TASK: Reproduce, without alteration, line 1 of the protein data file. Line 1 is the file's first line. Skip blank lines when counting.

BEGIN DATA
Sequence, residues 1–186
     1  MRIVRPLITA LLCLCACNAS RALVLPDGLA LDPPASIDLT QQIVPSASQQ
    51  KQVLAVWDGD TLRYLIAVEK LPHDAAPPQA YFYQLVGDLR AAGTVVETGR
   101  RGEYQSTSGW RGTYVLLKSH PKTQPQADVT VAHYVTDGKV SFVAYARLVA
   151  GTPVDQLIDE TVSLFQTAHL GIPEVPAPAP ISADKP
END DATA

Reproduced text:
Sequence, residues 1–186